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New study could make colon cancer screening a little easier

Mar 14, 2024, 7:41 PM

Image: This microscope image made available by the National Cancer Institute Center for Cancer Rese...

This microscope image made available by the National Cancer Institute Center for Cancer Research in 2015 shows human colon cancer cells with the nuclei stained red. (Image courtesy of NCI Center for Cancer Research via AP)

(Image courtesy of NCI Center for Cancer Research via AP)

A new study may make colon cancer screenings a little easier for everyone.

Dr. William Grady, a gastroenterologist at the Fred Hutch Cancer Center, is among those who studied the effectiveness of a blood test.

“We studied over 20,000 people and we found that the blood-based test can detect 83% of people who have colon cancer,” Grady said.

He said that’s as effective as at-home stool tests, which he said people often fail to follow through on.

“About half of people who we recommend get screened, aren’t doing that,” he said.

The reason why is something Grady calls the “ick factor.”

“Most people don’t want to deal with their stool,” he said.

Blood test gives another option for screening colon cancer

Grady still calls a colonoscopy the gold standard for cancer detection. But a blood test would give another option to people who are at average risk for colon cancer and are reticent to do an at-home stool test.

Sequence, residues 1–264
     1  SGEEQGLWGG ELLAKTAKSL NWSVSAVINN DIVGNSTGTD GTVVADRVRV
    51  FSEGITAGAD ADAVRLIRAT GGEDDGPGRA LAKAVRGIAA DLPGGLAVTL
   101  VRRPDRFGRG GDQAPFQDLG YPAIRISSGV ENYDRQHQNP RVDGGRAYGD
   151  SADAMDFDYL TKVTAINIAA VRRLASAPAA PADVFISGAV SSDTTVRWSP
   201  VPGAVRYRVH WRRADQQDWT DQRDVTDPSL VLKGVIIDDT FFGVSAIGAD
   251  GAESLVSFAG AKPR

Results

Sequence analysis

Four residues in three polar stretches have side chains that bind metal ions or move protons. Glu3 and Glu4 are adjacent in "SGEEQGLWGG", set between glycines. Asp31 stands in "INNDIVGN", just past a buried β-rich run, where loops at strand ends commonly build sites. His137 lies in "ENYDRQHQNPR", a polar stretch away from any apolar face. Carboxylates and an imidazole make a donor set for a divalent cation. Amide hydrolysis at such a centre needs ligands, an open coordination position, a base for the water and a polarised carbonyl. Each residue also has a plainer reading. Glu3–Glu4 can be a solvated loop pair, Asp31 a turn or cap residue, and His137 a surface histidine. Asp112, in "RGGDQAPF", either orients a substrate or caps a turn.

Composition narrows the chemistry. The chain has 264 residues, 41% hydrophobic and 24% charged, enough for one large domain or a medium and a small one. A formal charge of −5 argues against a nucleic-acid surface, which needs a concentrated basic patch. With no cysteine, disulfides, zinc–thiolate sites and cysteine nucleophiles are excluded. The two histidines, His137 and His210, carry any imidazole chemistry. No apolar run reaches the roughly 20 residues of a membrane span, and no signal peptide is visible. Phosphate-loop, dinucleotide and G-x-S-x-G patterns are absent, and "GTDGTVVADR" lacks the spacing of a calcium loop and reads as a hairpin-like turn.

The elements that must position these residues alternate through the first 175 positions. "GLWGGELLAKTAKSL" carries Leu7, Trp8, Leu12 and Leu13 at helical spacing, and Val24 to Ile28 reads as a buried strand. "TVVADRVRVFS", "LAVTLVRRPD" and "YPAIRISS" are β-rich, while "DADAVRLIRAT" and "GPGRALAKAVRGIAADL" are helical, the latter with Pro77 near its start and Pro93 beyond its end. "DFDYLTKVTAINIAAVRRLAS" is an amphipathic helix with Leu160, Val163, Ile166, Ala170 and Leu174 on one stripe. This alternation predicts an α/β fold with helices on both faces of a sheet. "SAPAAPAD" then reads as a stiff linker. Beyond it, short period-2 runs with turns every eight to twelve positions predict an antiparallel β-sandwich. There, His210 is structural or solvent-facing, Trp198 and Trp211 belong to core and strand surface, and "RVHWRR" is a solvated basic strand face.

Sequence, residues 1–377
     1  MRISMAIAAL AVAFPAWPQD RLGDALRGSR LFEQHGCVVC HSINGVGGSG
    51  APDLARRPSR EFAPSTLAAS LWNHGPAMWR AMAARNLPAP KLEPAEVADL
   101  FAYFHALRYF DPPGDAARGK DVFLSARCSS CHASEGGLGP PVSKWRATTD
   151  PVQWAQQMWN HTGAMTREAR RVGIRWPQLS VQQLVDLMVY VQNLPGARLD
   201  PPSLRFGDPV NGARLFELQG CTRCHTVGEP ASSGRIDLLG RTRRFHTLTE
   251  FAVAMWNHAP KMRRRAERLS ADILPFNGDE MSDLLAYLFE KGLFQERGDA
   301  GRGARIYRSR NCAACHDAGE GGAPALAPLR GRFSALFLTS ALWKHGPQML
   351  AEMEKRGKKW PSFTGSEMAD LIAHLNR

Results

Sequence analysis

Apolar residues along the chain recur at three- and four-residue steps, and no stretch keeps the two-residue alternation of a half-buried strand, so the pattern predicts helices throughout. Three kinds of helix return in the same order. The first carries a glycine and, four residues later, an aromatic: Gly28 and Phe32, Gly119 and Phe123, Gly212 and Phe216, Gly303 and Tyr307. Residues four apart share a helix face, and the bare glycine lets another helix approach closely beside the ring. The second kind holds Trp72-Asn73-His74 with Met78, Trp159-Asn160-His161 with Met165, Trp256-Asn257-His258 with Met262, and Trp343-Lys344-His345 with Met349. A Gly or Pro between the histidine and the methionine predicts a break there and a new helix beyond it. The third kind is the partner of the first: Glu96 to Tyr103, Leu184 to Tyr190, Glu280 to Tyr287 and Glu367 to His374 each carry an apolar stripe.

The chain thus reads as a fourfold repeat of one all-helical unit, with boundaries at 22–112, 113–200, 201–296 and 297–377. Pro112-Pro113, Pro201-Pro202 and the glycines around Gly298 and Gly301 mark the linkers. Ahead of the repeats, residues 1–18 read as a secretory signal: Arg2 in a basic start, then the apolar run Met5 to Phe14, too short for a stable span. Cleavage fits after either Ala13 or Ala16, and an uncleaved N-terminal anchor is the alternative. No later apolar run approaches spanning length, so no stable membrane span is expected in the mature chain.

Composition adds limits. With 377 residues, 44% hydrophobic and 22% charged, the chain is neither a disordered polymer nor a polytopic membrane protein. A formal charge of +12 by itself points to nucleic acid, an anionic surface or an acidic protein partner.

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He credits advances in DNA sequencing and artificial intelligence for making blood screening possible.

“We now have an ability to detect the rare tumor DNA molecules that are present in the blood,” he said.

Think of it as high-tech cancer sleuthing.

“We can look at thousands of molecular features in the DNA that’s present in the blood, and by looking at those thousands of features and using AI we can identify signatures in the DNA that’s unique to cancers, versus normal cells,” Grady explained.

Grady said blood screening — for colon cancer — is already available.

Future of the blood test and colon cancer

He said government regulators will be reviewing the new study, which was published in the New England Journal of Medicine, as they decide whether the blood test should be covered by insurance.

“This study is pivotal for the FDA to be able to make that decision. The study was large enough to where we can accurately determine how well the test worked for colon cancer screening,” Grady said.

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Screening, Grady said, is imperative as colon cancer is the second most common cause of cancer deaths in American adults. And the risk appears to be increasing.

“We predict in the next five years that colon cancer will be the most common cancer that occurs in people under the age of 50,” he said.

Heather Bosch is an award-winning anchor and reporter on KIRO Newsradio. You can read more of her stories here. Follow Heather on X, formerly known as Twitter, or email her here.

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